Breathtaking force: World’s most powerful dam opens in China as gushing water generates the same power as FIFTEEN nuclear reactors
The giant and controversial Three Gorges Dam in China has launched the last of its generators, just as it hits its annual flood peak.
The final 32 generators went into operation this week, making it the world’s largest hydropower project, built on the Yangtze River in the Hubei Province.
It is designed to decrease the risk of flooding during the current peak rainfall season, as well as store and distribute water during the dry periods.
A series of incredible photos show the sheer force of the flood water released from seven spillways after heavy downpours in the upper reaches of the dam caused the highest flood peak of the year.
Water from the Yangtze River upper gushed at up 70,000 cubic metres per second into the dam’s reservoir yesterday.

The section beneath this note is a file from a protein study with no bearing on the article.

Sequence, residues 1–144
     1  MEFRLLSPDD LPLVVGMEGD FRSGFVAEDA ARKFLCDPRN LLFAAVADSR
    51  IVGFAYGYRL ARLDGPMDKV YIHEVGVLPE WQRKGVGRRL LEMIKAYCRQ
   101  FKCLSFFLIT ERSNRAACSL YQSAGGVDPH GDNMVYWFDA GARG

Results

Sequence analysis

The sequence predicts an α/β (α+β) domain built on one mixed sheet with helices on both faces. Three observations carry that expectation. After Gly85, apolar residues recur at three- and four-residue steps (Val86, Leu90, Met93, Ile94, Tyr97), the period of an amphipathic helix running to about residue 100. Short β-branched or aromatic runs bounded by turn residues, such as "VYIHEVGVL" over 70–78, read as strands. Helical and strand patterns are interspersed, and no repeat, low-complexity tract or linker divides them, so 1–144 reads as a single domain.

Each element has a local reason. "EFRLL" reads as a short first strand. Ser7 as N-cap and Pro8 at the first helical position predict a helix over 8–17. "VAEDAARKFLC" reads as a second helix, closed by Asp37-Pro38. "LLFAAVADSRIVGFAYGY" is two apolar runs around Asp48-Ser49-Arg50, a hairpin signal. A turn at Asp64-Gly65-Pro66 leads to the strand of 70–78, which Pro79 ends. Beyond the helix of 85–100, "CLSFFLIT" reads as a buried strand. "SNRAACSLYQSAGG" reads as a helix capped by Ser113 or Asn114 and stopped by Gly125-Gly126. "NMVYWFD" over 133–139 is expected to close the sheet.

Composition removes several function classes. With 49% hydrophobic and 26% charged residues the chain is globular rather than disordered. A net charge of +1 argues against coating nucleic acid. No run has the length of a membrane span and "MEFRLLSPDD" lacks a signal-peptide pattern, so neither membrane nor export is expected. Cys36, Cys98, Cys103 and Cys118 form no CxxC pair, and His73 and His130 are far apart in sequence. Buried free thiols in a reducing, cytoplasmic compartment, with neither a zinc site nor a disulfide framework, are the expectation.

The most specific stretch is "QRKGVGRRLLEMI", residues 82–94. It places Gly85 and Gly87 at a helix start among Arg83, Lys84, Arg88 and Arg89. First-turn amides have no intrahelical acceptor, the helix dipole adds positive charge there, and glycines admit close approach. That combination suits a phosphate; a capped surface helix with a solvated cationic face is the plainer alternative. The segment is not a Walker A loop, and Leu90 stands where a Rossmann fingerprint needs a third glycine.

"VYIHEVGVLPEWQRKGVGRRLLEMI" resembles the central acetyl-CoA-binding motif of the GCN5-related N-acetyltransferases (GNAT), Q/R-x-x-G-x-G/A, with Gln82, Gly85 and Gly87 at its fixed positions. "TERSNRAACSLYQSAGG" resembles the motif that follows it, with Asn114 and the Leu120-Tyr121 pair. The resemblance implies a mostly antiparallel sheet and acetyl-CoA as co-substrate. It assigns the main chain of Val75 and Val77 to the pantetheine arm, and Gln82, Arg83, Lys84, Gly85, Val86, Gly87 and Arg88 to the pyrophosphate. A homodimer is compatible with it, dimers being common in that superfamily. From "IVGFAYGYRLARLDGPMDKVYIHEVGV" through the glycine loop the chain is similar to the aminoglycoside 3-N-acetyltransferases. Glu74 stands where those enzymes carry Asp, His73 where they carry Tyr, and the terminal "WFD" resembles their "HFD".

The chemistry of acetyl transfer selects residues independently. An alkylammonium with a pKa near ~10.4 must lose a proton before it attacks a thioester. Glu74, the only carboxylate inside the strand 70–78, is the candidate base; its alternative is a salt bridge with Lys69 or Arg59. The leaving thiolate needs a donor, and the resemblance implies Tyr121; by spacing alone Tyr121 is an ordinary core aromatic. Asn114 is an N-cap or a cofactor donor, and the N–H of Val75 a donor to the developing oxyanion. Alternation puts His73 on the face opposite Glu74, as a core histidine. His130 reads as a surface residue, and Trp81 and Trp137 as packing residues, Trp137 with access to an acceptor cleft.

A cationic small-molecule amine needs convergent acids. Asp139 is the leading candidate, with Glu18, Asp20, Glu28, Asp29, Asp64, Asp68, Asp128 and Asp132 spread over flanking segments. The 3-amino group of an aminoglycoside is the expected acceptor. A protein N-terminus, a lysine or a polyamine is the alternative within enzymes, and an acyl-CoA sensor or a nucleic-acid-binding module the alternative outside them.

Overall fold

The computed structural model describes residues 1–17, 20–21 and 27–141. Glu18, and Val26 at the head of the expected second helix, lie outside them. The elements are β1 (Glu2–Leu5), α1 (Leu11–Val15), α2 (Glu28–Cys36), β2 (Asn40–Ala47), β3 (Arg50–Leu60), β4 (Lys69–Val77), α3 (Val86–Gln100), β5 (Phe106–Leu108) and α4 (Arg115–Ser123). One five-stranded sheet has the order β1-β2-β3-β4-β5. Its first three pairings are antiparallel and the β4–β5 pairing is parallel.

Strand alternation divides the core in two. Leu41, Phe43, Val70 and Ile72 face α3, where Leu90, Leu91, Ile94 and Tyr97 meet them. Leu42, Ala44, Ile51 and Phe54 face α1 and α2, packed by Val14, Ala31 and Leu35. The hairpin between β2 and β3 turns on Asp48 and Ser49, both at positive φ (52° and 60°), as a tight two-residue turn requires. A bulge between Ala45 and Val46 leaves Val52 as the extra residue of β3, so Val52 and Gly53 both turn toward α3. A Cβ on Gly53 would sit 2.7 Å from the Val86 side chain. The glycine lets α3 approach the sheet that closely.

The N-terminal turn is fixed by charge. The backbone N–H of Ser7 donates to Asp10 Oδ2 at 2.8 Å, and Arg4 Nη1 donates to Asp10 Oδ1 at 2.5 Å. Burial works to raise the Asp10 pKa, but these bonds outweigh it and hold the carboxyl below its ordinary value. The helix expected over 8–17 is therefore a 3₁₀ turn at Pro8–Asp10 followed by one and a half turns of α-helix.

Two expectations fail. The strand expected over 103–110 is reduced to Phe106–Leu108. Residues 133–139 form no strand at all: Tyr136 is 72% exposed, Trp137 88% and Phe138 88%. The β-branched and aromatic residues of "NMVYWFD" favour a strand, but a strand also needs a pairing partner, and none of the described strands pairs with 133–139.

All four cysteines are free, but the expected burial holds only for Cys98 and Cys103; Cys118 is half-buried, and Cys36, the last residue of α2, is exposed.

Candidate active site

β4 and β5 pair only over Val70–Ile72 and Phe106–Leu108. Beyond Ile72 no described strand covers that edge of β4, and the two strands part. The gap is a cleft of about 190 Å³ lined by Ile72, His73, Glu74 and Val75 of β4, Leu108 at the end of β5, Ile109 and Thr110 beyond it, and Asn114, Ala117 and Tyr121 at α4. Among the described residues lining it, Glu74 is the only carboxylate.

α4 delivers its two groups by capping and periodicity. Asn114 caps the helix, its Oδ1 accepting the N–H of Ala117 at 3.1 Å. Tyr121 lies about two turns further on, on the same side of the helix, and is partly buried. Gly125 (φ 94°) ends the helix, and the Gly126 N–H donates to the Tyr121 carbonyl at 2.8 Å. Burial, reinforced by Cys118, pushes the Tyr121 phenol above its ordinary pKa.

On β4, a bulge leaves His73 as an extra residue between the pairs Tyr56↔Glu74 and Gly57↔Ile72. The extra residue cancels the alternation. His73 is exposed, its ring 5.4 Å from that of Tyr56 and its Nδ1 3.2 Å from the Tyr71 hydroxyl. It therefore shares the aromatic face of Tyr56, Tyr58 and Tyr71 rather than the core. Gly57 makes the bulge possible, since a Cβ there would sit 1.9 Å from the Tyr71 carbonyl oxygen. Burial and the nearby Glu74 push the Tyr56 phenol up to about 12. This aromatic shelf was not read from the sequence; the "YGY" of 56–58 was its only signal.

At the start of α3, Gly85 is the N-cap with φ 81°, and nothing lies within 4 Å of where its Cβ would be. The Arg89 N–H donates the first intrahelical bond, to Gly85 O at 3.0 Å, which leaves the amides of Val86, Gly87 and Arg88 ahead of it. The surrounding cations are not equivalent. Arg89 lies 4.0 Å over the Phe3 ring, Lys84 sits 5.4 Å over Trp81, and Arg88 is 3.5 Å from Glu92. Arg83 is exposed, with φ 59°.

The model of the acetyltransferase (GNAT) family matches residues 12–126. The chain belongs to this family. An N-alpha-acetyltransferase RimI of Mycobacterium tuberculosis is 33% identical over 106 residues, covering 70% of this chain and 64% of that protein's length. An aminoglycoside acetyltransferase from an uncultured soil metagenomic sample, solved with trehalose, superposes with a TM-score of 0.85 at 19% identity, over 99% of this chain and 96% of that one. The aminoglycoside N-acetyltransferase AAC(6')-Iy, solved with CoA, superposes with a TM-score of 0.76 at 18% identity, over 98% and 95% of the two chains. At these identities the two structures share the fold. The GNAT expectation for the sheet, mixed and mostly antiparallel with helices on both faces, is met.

This picture taken yesterday shows water released from the Three Gorges Dam after heavy downpours in the upper reaches of the dam caused the highest flood peak of the year
Workers watch as water is released from a gigantic hydropower project on the Yangtze river, in Yichang, central China’s Hubei province
The Three Gorges Dam experienced its largest flood peak this year on Tuesday, with a peak flow of 70,000 cubic meters of water per second
The dam is working to take the edge off the fierce flood and reduce its impact on the river’s lower reaches by storing at least 26,000 cubic meters of flood water every second, the Yangtze River flood control and drought relief, according to the Global Times.
Water outflow from the dam currently measures 43,000 cubic meters per second.
So far the forces of flood has been been the highest in recent memory, worse that the devastating 1998 Yangtze flood which cause a large amount of damage with a flow rate of 50,000 cubic meters per second.
This week water gushed in at 70,000 cubic meters per second, but was pumped out at around 50,000 cubic metres per second
The final 32 generators went into operation this week, making it the world’s largest hydropower project
The construction of the dam, which forced the relocation of 1.4 million people, has been heavily criticised by experts worldwide, and residents of nearby areas